By The Lake

By Tu Fu

The old fellow from Shao-ling weeps with stifled sobs as he walks furtively by the bends of the Sepentine on a day in spring. In the waterside palaces the thousands of doors are locked. For whom have the willows and rushed put on their fresh greenery?
I remember how formerly, when the Emperor’s rainbow banner made its way into the South Park, everything in the park seemed to bloom with a brighter color. The First Lady of the Chao-yang Palace rode in the same carriage as her lord inattendance at his side, while before the carriage rode maids of honour equipped with bows and arrows, their white horses champing at golden bits. Leaning back, face skywards, they shot into the clouds; and the Lady laughed gaily when a bird fell to the ground transfixed by a well-aimed arrow. Where are the bright eyes and the flashing smile now? Tainted with blood-pollution, her wandering soul cannot make its way back. The clear waters of the Wei flow eastwards, and Chien-ko is far away: between the one who has gone and the one who remains no communication is possible. It is human to have feelings and shed tears for such things; but the grasses and flowers of the lakeside go on for ever, unmoved. As evening falls, the city is full of the dust of foreign horseman. My way is towards the South City, but my gaze turns northwards.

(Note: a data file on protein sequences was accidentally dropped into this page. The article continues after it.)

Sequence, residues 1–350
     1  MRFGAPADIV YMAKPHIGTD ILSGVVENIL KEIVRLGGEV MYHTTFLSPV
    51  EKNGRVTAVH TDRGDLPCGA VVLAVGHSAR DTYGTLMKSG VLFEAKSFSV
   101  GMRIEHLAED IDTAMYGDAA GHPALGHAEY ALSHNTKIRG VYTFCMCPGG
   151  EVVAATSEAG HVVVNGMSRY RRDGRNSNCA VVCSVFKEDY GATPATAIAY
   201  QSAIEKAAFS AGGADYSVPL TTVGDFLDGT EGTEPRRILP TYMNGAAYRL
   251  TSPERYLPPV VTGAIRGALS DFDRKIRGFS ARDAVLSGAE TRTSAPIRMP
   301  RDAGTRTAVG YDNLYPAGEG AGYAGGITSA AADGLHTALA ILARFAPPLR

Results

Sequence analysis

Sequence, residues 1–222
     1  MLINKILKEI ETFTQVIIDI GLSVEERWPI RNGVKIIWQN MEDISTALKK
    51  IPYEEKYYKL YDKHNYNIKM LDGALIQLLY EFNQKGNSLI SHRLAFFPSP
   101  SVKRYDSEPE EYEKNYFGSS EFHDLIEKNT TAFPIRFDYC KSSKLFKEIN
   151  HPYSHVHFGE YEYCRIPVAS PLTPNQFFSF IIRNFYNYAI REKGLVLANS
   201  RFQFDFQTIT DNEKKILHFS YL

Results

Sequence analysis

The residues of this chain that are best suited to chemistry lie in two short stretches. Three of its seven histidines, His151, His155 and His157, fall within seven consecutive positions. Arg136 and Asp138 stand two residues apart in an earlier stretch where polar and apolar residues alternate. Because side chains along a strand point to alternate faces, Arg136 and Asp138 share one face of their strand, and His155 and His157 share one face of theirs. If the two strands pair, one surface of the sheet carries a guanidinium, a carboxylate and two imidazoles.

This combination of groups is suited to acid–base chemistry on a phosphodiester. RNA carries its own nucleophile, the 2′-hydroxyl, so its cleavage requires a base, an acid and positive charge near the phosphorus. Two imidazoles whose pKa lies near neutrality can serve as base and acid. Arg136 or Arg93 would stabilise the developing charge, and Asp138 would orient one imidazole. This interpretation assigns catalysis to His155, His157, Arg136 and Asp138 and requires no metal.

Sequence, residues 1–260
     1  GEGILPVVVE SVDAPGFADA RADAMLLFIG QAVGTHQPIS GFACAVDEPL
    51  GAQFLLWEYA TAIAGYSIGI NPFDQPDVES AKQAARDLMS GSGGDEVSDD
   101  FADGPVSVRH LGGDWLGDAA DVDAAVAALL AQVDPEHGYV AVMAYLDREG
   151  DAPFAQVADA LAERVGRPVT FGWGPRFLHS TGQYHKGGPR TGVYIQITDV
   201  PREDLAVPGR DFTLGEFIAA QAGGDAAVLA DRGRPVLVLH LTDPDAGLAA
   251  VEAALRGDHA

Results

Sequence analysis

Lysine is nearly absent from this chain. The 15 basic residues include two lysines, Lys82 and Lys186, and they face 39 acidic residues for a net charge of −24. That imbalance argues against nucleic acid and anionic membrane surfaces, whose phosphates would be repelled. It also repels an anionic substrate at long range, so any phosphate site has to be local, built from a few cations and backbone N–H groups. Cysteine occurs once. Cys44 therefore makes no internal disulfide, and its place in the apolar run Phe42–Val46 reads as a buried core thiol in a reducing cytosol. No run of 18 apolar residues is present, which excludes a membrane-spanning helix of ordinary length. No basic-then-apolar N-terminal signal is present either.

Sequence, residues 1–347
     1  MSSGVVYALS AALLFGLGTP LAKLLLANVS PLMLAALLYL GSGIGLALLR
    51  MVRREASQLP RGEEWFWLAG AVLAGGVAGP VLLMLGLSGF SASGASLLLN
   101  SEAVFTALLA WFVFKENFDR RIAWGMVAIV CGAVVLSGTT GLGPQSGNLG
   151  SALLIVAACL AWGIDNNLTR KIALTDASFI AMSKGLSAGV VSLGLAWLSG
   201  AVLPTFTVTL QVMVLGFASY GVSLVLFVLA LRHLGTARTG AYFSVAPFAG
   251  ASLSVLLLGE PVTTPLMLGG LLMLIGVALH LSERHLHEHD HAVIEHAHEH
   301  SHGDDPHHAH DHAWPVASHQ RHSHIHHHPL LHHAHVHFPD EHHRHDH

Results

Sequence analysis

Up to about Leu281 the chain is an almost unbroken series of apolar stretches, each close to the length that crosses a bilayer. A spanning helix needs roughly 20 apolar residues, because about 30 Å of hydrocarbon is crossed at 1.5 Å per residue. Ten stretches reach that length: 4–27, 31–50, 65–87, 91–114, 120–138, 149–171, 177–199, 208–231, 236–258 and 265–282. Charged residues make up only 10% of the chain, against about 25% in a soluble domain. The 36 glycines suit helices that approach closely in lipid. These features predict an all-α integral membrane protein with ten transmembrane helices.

Subscribe
Join Our Community
Subscribe
Join Our Community

Dear Black Child - Grace Storm Ad

Dear Black Child - Grace Storm Ad
Dear Black Child - Grace Storm Ad
Subscribe
Join Our Community
Subscribe
Join Our Community
LEVEL UP!
Drop your email and we'll send you 25 poetry editing guidelines to help transform your creative writing!
Send It!
LEVEL UP!
Drop your email and we'll send you 25 poetry editing guidelines to help transform your creative writing!
Send It!
Get On The List
We'll let you know whenever we launch a new event, competition or service!
SIGN UP NOW!
Get On The List
We'll let you know whenever we launch a new event, competition or service!
SIGN UP NOW!